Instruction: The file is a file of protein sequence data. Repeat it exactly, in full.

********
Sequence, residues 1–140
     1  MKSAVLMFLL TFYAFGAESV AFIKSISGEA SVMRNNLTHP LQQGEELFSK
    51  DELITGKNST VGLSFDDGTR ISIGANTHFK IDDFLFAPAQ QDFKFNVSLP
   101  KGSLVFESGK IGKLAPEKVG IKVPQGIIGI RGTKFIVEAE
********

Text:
Sequence, residues 1–140
     1  MKSAVLMFLL TFYAFGAESV AFIKSISGEA SVMRNNLTHP LQQGEELFSK
    51  DELITGKNST VGLSFDDGTR ISIGANTHFK IDDFLFAPAQ QDFKFNVSLP
   101  KGSLVFESGK IGKLAPEKVG IKVPQGIIGI RGTKFIVEAE